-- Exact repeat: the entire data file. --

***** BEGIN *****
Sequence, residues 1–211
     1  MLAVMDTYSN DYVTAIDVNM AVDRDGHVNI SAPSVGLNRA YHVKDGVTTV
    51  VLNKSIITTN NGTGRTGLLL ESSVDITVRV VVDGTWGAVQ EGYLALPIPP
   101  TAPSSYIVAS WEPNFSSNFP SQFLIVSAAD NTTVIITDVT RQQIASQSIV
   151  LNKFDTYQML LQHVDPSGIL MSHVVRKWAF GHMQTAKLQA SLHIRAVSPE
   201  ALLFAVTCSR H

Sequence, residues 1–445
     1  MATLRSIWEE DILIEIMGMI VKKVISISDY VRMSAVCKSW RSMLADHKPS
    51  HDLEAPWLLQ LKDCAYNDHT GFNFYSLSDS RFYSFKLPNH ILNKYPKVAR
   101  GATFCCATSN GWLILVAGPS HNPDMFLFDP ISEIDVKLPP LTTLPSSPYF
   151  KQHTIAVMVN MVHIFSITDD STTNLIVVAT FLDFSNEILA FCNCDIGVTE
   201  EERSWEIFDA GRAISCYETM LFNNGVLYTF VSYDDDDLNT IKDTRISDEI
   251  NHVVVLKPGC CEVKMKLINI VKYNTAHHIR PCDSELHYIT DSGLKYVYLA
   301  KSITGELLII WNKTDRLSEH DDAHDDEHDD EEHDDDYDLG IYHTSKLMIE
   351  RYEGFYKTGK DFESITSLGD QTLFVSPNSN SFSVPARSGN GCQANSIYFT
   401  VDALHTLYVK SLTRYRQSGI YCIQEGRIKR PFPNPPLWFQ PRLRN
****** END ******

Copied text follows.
Sequence, residues 1–211
     1  MLAVMDTYSN DYVTAIDVNM AVDRDGHVNI SAPSVGLNRA YHVKDGVTTV
    51  VLNKSIITTN NGTGRTGLLL ESSVDITVRV VVDGTWGAVQ EGYLALPIPP
   101  TAPSSYIVAS WEPNFSSNFP SQFLIVSAAD NTTVIITDVT RQQIASQSIV
   151  LNKFDTYQML LQHVDPSGIL MSHVVRKWAF GHMQTAKLQA SLHIRAVSPE
   201  ALLFAVTCSR H

Sequence, residues 1–445
     1  MATLRSIWEE DILIEIMGMI VKKVISISDY VRMSAVCKSW RSMLADHKPS
    51  HDLEAPWLLQ LKDCAYNDHT GFNFYSLSDS RFYSFKLPNH ILNKYPKVAR
   101  GATFCCATSN GWLILVAGPS HNPDMFLFDP ISEIDVKLPP LTTLPSSPYF
   151  KQHTIAVMVN MVHIFSITDD STTNLIVVAT FLDFSNEILA FCNCDIGVTE
   201  EERSWEIFDA GRAISCYETM LFNNGVLYTF VSYDDDDLNT IKDTRISDEI
   251  NHVVVLKPGC CEVKMKLINI VKYNTAHHIR PCDSELHYIT DSGLKYVYLA
   301  KSITGELLII WNKTDRLSEH DDAHDDEHDD EEHDDDYDLG IYHTSKLMIE
   351  RYEGFYKTGK DFESITSLGD QTLFVSPNSN SFSVPARSGN GCQANSIYFT
   401  VDALHTLYVK SLTRYRQSGI YCIQEGRIKR PFPNPPLWFQ PRLRN